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Great pics! You found some interesting nooks and crannies, and did a lot of research on the buildings along the way! Well done!
Thanks! It took a while to do that research, especially since I didn't write anything down, but it worked out well in the end. I posted these pictures in a thread back in May or June from my trip to Buffalo (with a day trip to Toronto) back in early April.

I can look back at these pictures and can tell that I am getting influenced by your photography methods. Back then, when I took these pictures, I took in the sights of the city as a whole and as buildings as individuals. Now, I look at these very same pictures and I notice things that you have photographed yourself. For instance, when you did the Commerce Court North building in your "Look Up" section, I knew that I had seen that building twice: in April 2007 when walkign around and in August 2006 when walking around. I then looked at my own picture and took notice of those faces up top, which I hadn't noticed when I originally took the picture. I was looking at the forest instead of the trees, and was trying to capture how Commerce Court is closed off from city streets and from other buildings. Also, I took a picture of the old Toronto Stock Exchange because it was the old stock exchange, but now I look at the picture and see that stone mural, which you photographed before and I recognize from your pictures.
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Old January 30th, 2008, 04:16 AM   #45
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Millionaire's Row is a neighborhood in Willliamsport, Pennsylvania, along 4th Street. The street was the home to several lumber barons, and at the turn of the 20th century, there were more millionaires per capita in Williamsport than in any other city in the nation because of the booming lumber trade in the surrounding mountains.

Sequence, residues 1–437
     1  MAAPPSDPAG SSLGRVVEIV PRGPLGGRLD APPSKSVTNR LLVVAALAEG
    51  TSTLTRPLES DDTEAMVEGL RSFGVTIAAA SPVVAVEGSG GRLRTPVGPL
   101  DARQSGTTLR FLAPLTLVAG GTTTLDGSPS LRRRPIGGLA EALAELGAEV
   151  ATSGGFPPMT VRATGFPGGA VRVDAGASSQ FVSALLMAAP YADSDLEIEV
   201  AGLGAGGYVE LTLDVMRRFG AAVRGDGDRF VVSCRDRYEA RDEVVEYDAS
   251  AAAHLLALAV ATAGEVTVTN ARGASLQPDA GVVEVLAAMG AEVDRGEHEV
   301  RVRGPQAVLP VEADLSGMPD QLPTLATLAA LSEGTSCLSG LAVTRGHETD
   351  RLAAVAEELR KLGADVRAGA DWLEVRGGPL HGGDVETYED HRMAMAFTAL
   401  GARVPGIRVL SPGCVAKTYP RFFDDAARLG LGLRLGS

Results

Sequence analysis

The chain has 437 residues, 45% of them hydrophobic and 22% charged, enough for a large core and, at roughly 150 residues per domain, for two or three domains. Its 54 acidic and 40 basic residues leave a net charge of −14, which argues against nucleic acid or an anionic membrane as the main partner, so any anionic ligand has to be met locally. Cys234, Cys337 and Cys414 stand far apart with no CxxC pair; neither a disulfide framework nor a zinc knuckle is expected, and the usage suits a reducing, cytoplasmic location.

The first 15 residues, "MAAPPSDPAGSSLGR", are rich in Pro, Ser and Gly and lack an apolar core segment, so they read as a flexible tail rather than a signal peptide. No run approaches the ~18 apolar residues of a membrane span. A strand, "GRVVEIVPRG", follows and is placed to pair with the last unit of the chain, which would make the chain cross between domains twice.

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Old January 30th, 2008, 07:31 PM   #46
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For those of you that have been checking out this thread so far, what do you think of it?

Is it too random (like my Wilmington-then-Toronto-then-Williamsport posts), or do you like it when it is random? Would you like to see more compilations, like my pictures of NHL arenas? Would you like to see some themes? Or, are the pictures of whatever place that I am in a mood in good enough?

I would like to do some compilations and themes in the near and far future just to make the thread a little more stable. Here are some of my plans:

Compilations

~NFL stadiums
~MLB stadiums
~Courthouses of various states

Themes

~Cities that I drive through or past my my way up to Buffalo, NY, from Delaware